In one out of seven requests, people had to quote or show state law before gaining access to records.

Confronted with requests for access to documents, government workers often displayed a lack of knowledge about the law or an attitude of secrecy about records related to public business and maintained at taxpayer expense.

"We don't show our records to anyone," an employee in the Eddy County Sheriff's Department replied when initially asked for the daily crime log. It was later provided, however. The person seeking the records was taken into a room by two employees and asked about his profession and why he wanted the crime records. Some form of identification also was demanded before he could look at a crime incident report.

The Moriarty school district superintendent asked police to check the car license plate of an individual who submitted a request for financial records.

A Clovis police sergeant acknowledged that a crime log was a public record but refused to provide access unless the person gave a reason for wanting to look at it. No copies were allowed, the policeman said, because the person might go on a "fishing expedition" with the information.

Occasionally, records requests met with cooperation from helpful public employees.

The magistrate court clerk in Taos demonstrated how to access records through an office computer, explained the court's procedure for logging cases and said it was no bother to provide the help because "all of our records are public information."

The New Mexico records survey was similar to ones conducted in more than a dozen states in the past several years. Indiana's open-records law was revamped in 1999 in response to problems documented by an audit of government agencies.

Johnson said results of the New Mexico survey were similar to those in other states.

"This shows that New Mexico government agencies are no worse but certainly no better than in other states," he said.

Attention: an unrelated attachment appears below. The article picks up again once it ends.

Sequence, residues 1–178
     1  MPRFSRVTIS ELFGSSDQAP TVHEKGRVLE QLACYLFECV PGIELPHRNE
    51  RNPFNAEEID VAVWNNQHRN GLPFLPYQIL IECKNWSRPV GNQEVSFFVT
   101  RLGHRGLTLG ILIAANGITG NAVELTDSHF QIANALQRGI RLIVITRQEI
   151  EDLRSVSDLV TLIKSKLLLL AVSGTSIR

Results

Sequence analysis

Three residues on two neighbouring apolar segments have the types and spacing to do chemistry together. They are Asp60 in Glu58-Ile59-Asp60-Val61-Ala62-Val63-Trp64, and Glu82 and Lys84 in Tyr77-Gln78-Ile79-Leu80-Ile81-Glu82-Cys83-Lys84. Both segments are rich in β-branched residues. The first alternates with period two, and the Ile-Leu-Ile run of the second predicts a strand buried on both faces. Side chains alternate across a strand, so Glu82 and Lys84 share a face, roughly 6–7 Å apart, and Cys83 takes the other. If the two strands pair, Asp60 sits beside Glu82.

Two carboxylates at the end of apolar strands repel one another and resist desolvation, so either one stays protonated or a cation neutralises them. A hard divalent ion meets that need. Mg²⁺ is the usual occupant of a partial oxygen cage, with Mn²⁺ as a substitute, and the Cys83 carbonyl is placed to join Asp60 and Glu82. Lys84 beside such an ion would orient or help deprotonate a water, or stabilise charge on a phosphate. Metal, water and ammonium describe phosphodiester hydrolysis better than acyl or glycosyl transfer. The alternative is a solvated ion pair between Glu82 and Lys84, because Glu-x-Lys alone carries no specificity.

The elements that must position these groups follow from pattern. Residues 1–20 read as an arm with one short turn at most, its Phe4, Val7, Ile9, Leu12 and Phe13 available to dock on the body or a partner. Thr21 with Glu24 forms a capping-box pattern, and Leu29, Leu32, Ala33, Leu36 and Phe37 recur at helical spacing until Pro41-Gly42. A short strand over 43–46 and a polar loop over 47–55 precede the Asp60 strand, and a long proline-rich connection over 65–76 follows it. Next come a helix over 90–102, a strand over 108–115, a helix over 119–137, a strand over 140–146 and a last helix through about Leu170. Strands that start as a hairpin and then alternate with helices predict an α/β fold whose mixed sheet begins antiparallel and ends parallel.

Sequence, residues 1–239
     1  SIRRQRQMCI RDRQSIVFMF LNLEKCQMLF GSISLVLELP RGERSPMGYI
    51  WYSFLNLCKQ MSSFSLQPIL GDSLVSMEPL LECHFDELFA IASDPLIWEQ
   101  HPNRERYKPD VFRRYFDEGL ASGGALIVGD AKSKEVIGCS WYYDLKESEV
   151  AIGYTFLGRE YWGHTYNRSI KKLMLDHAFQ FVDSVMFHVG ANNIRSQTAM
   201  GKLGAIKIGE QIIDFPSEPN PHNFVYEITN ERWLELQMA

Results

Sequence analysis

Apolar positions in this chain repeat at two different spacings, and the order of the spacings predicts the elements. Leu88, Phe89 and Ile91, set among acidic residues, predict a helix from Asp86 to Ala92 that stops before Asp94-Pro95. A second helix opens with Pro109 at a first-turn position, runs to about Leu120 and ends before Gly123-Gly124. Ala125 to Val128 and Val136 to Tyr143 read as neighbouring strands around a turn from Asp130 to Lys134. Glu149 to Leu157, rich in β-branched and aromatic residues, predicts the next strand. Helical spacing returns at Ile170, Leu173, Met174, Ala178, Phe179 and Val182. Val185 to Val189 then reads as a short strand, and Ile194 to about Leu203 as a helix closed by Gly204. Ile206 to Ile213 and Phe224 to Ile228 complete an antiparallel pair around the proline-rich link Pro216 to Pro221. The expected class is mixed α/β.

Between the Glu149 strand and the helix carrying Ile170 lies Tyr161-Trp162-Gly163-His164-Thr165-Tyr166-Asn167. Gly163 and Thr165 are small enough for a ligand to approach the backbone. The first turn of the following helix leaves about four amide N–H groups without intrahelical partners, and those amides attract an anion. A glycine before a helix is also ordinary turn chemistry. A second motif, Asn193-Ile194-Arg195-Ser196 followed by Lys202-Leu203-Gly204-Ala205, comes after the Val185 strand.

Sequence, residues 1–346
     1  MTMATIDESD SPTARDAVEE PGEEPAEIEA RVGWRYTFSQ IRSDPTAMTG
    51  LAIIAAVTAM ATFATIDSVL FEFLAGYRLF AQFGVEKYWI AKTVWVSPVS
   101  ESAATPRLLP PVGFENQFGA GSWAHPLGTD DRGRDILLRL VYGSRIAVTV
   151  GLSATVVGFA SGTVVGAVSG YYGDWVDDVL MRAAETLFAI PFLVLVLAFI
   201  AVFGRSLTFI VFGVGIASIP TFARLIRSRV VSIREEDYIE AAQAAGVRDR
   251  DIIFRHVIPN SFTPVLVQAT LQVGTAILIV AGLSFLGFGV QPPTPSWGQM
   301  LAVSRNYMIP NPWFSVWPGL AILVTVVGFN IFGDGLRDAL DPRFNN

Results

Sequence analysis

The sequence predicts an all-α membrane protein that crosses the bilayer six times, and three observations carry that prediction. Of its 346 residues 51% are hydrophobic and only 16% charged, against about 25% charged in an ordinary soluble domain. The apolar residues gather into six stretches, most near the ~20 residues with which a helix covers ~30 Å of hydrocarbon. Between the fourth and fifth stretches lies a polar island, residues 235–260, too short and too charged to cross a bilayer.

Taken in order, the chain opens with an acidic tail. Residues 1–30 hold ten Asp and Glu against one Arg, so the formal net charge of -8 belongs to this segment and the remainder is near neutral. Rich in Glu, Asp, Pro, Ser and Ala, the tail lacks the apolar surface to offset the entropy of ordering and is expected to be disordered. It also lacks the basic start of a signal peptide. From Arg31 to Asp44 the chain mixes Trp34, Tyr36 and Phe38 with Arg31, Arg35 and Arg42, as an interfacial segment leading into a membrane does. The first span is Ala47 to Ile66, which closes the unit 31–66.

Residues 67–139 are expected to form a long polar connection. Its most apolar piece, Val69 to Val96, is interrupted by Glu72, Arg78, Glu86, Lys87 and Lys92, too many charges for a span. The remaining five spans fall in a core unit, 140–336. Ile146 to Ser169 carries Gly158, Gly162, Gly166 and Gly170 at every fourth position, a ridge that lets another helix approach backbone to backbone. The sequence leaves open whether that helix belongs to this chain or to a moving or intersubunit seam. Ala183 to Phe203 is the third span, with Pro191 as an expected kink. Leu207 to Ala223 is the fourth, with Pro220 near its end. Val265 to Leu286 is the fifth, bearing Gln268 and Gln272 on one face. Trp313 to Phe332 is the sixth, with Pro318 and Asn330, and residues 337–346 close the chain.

The survey covered basic public records. Sheriff's department and police were asked for a daily log of crimes and an "incident report" of a crime. Counties, cities and schools were asked for financial information, such as agency budgets and salaries and expenses of administrators. Magistrate courts were asked for a one-month listing of complaints filed by law enforcement and the disposition of the cases.

Some auditors were reporters, others were citizens asked by a newspaper to participate. They completed standardized reports of each audit, including narratives of their experiences. The participants — to help ensure neutral treatment by agencies — were instructed not to identify their employers or describe themselves as part of a survey testing the state's open-records law.

Certain records remain confidential under state law, including letters of reference for jobs or certain medical treatment records and police records revealing confidential sources or people accused but not charged with a crime.

Despite those exceptions, state law makes clear that anyone — a local resident or a total stranger — has a right to review a basic police incident report about a burglary and arrest of a suspect or a "police blotter" of recent crimes.

News organizations sometimes can get immediate access to records, particularly when reporters regularly cover a government office and know the agency's workers. However, members of the public may find it harder because they are unfamiliar to government employees who are custodians of the records.

People denied access to records can call the attorney general or a local district attorney. They are the officials responsible for enforcing state law. The Foundation for Open Government also maintains a telephone hotline, 1-800/284-6634, for people who encounter problems getting records.